Has anyone put the SDR in a small box high at antenna and use a type 2 extension cable with the Pi down in the shade?
I have a similar situation except the antenna, LNA, and SDR dongle are in the attic with a long (5 meter) USB extension down to the Pi in a closet. Seems to work fine with no dropped USB data – tested with
rtl_test at 2.4 Msps. However, might be different with a higher sample rate for an Airspy for example.
Whether or not that works depends on the quality and length of the USB extension cable. It’s generally best not to use more than a very short (6 inch/15cm. or so) extension, just if you need one because SDR dongles are so big they overlap the other USB ports on the Pis, then use low-loss coaxial cable between the SDR and the antenna. I tried pitting my SDR dongle near my antenna then connecting it to my Pi downstairs and it worked for a few weeks then stopped working, and I had to move the dongle back to the Pi and go back to using coax.
My pi4 / rtl-sdr / 5v supply are in an outdoor box (roof height) at the base of a pole about 1m below my antenna. Antenna is low so that I can try out my antenna experiments easily. If I raise the pole higher later I have to choose between a longer coax or a second smaller box and a usb extension.
Well, as I mentioned above a 5 meter USB extension cable seems to work reliably with an rtl-sdr dongle. Coincidentally, 5 meters is the longest extension cable specified for USB Type 2. If you need more length, probably you should use coax between the antenna and the rtl-sdr dongle rather than a USB extension cable to the Pi. Realize that any loss in the coax directly increases the noise figure of your receiver dB for dB.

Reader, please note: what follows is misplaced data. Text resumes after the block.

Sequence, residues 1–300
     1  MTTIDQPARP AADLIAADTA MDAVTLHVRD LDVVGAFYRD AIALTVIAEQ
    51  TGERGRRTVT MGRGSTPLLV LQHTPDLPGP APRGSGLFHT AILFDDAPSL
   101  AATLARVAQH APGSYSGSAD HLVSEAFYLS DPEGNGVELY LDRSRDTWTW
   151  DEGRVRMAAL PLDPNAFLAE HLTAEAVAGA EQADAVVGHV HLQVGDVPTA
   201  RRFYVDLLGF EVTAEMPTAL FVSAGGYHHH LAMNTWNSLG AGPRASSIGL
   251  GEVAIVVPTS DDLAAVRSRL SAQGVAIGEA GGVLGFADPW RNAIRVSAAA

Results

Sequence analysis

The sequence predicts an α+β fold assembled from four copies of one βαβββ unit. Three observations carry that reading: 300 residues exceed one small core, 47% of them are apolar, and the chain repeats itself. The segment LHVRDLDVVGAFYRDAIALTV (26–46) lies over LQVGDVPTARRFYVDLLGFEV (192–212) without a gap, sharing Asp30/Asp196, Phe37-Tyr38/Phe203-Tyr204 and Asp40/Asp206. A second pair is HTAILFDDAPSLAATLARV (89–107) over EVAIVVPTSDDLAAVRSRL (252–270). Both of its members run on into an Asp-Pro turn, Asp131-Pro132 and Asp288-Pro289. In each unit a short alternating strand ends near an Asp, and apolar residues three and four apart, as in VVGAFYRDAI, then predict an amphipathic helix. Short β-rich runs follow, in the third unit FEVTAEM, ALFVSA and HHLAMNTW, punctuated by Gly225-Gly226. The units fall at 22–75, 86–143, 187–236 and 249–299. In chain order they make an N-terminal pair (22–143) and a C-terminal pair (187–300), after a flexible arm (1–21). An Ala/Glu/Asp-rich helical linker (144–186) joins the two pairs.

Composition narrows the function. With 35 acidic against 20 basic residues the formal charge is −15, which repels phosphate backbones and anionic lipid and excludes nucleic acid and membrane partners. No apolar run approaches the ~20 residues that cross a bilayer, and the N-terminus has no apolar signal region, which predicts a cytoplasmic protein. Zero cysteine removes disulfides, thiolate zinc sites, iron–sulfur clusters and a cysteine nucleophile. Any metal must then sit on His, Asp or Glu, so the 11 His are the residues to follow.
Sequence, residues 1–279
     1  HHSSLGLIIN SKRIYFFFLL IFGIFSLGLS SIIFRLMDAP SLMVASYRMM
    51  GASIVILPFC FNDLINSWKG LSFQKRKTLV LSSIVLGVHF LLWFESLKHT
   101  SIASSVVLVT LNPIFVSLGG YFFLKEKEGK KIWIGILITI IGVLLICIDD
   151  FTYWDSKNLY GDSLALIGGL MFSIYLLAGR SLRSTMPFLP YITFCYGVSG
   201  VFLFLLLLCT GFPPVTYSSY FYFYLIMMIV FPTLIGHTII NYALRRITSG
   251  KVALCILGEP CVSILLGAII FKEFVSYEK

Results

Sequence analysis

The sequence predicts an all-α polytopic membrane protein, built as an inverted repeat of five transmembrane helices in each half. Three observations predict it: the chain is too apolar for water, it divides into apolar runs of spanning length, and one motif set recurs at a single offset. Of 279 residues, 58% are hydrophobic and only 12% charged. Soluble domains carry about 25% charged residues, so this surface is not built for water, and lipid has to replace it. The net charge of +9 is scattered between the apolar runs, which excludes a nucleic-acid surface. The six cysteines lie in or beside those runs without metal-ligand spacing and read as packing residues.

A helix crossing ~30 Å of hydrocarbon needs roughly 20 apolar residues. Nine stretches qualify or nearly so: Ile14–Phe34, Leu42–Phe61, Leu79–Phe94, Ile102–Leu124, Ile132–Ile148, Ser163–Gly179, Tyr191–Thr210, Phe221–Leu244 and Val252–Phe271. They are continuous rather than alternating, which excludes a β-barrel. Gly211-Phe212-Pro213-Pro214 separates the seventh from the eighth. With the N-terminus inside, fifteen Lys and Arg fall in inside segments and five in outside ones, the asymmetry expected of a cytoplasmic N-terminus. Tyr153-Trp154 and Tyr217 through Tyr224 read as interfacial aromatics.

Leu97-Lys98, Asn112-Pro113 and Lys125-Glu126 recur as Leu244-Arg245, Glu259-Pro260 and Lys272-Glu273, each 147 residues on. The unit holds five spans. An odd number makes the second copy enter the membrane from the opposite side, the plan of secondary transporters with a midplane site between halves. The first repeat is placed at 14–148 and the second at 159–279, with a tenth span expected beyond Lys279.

You are right.
Nine years ago (in 2013), I tried to use 45 ft USB extension for the Dongle. I could not find extension cable longer than 15 feet (5 meters), so I purchased three 15 ft cables and used them in series, making total length 45 ft. The dongle failed to work with 45 ft long USB extension. I removed one 15 ft piece to make total length 30 ft, the Dongle failed on that also. However when I used only one 15 ft cable, the dongle worked OK.
Finally I purchased a 50 ft coil of RG6 coax from nearby Dollar Store for $7, and ran it between antenna & dongle, which was plugged into Windows PC. This worked, but gave very poor reception due to long length of coax. I then added a Satellite Amplifier (18 dB, 950~2050 MHz) between antenna & coax. I have purchased the Satellite inline amplifier from nearby Satellite Dish Sore for $4. This arrangement worked very good. I had to make a DIY Bias-Tee to feed the Satellite inline amplifier
Yeah, when the USB extension cable was 30 or 45 feet probably the IR loss lowered the voltage to the rtl-sdr dongle too much for proper operation of the dongle.
Adding an LNA to the setup with a gain of at least 20 dB followed by a long coax to the rtl-sdr dongle is a real win as far as noise figure is concerned. A cascaded noise figure calculator like the following is useful to calculate the resulting noise figure. https://www.pasternack.com/t-calculator-noise-figure.aspx?
I have initially used two Satellite Amplifiers in cascade. Each has 18 dB gain.
The reason to use two amplifier were:
(1) I thought “bigger the better”
(2) I got the Satellite inline amplifiers very cheap ($4 each).
However after a while when I removed one amplifier, I found performance improved instead of decreasing Seems dongle has got overloaded with too much gain of two amplifiers cascaded.
When an LNA is used in front of a rtl-sdr dongle, the gain is adjusted down in the dongle. One thing that isn’t mentioned is that as the gain is adjusted down, the noise figure of the dongle will go up. The nameplate noise figure of the rtl-sdr dongle is 3.5 dB, but that’s at maximum gain of about 60 dB. What happens when you reduce the gain by 30 dB ? I haven’t seen any data on-line on that.
In my experience (using Linux) they can be very finicky with USB extension cables and it’s often because they’re not getting enough power. If you can use a powered USB hub with an AC adapter or an active USB extension cable that boosts the signal then it tends to work better.
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